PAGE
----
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  • 8w32rc41z?file=thumbnail
    Contributing Institution: Southern Methodist University Bridwell Library and Ohio State University Libraries
    Description: Nightingall, whom Foxe identifies as a Roman Catholic parson at Crondall in Kent, falls from his pulpit and into his congregation. The death supposedly occurs while the tonsured Nightingall had preached that the pope has authority to pardon sins. According to Foxe, his death demonstrates providential disapproval of papal authority. Individual members of Nightingall's congregation hold rosary beads. (See also the lower right panel on the title page woodcut in this collection.) This woodcut appears in the second (1570), third (1576), and fourth (1583) editions. Luborsky and Ingram 11223/65. JPEG file (4.05 MB).
  • M900p156r?file=thumbnail
    Contributing Institution: Southern Methodist University Bridwell Library and Ohio State University Libraries
    Description: “The description of a Popish Priest, who when he had taken away the Glory and office of Christ, fell down suddenly, and died." Nightingall, the priest, falls from the pulpit into the congregation below him while delivering a sermon. As he falls, he says: "I am cleansed from my Sins." Revised version of Luborsky and Ingram 11223/65, which appears in each of the second (1570), third (1576), and fourth (1583) early English editions. JPEG file (438 KB).
  • Br86b8678?file=thumbnail
    Contributing Institution: Southern Methodist University Bridwell Library and Ohio State University Libraries
    Description: Latimer ("M. Latimer." ["Master Latimer"]) preaches from a large open-air pulpit, which has been erected in the Privy Garden at Whitehall Palace. Among his audience is King Edward VI ("K. Edward." ["King Edward"]), who listens, with three others, from indoors at a window at the left of the image. The woman who reads an open Bible at Latimer's feet may allude to Catherine Brandon, Duchess of Suffolk, who funded the activities of Latimer and other English Protestant evangelicals during Edward's reign. This woodcut appears in the first through fourth editions (1563, 1570, 1576, and 1583), but John Day first uses it in his edition of Latimer's 27 sermons (London: John Day, 1562). Luborsky and Ingram 11222/37, 11223/80, 15276/1. JPEG file (1.01 MB).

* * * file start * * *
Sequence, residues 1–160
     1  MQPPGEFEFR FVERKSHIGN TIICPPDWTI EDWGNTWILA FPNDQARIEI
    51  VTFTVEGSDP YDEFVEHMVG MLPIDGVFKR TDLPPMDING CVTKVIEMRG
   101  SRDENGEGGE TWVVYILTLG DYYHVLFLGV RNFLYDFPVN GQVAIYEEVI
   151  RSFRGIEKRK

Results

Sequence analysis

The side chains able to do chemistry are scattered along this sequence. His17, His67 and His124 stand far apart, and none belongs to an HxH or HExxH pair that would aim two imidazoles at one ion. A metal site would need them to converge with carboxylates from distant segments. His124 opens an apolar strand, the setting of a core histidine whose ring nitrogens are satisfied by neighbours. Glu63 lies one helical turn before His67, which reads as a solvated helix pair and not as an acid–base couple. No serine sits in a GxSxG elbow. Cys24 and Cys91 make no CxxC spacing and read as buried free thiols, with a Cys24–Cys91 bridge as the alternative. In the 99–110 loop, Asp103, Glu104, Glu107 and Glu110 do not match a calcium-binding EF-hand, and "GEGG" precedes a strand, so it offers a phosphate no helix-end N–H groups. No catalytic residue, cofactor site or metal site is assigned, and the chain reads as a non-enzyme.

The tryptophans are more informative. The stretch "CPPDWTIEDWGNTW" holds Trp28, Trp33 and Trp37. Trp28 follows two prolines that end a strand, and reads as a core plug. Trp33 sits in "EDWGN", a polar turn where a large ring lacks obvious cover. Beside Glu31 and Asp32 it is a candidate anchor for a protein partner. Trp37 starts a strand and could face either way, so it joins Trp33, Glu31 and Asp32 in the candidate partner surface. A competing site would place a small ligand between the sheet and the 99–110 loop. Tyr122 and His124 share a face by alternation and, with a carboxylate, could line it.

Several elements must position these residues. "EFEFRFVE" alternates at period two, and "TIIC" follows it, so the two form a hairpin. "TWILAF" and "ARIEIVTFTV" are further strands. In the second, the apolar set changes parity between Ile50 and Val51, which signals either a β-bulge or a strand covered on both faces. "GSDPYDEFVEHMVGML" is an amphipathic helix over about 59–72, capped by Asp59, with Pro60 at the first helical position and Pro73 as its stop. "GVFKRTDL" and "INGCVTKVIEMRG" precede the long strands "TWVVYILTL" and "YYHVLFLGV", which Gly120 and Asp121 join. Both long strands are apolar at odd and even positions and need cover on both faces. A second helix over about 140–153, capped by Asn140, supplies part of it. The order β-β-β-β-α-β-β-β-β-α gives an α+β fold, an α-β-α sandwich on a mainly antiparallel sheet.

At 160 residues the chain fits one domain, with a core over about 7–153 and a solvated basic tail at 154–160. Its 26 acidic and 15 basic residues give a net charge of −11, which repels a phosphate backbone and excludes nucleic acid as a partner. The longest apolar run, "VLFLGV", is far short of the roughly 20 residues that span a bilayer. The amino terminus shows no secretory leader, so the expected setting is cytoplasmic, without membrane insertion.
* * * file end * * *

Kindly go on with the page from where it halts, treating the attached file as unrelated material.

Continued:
• G732dg774?file=thumbnail
    Contributing Institution: Southern Methodist University Bridwell Library and Ohio State University Libraries
    Description: In this overhead view of Smithfield, Askew and two companions stand chained to stakes and await martyrdom. Workers prepare faggots, and a very large crowd observes, some from windows and surrounding roofs. Nicholas Shaxton, the one-time Bishop of Salisbury who resigned his bishopric following the passage of the Act of Six Articles (1539), preaches from a portable pulpit. Shaxton recanted his Protestant belief prior to this scene in order to avoid the fate of Askew and her companions. Religious authorities had illegally tortured Askew, prior to this execution, in an attempt to extract information from her concerning the identity of Protestant sympathizers at the royal court. In the center of the image, observers view the execution from a platform, which has been raised outside the church of St. Bartholomew the Great. Thunder descends from a cloud above, and soldiers on horseback manage spectators on the fringe of the crowd. This woodcut appears in the first through fourth editions (1563, 1570, 1576, and 1583) but first appears in Robert Crowley, The confutation of xiii. articles, wherunto N. Shaxton, late byshop subscribed (1548). Luborsky and Ingram 6083/1, 11222/21, 11223/54. JPEG file (1.23 MB).
  • 8049gb81m?file=thumbnail
    Contributing Institution: Southern Methodist University Bridwell Library and Ohio State University Libraries
    Description: Hugh Latimer ("Mr. Latimer") preaches from an open-air pulpit in Westminster. King Edward VI ( "K. Edward") and three other men listen from an indoor window at the right of the image while a large congregation gathers below the pulpit. A few men are scattered on the balcony in the background of the image and a woman sits on the steps of the pulpit with an open book, presumably the Bible. Revised version of Luborsky and Ingram 11222/37 and 11223/80, which appear in all four early English editions (1563, 1570, 1576, 1583). JPEG file (498 KB).
  • Z603r440c?file=thumbnail
    Contributing Institution: Southern Methodist University Bridwell Library and Ohio State University Libraries
    Description: Friars forcibly remove Bilney from his pulpit outside Saint George's Church in Ipswich ("Friers pulling Bilney out of the pulpit." ["Friars pulling Bilney out of the pulpit"]; "Saint Georges churche in Ipswich." ["Saint George's church in Ipswich"]). The congregation of men, women, and children sits and stands nearby. This woodcut appears in the first through fourth editions (1563, 1570, 1576, and 1583). Luborsky and Ingram 11222/14, 11223/43. JPEG file (1 MB).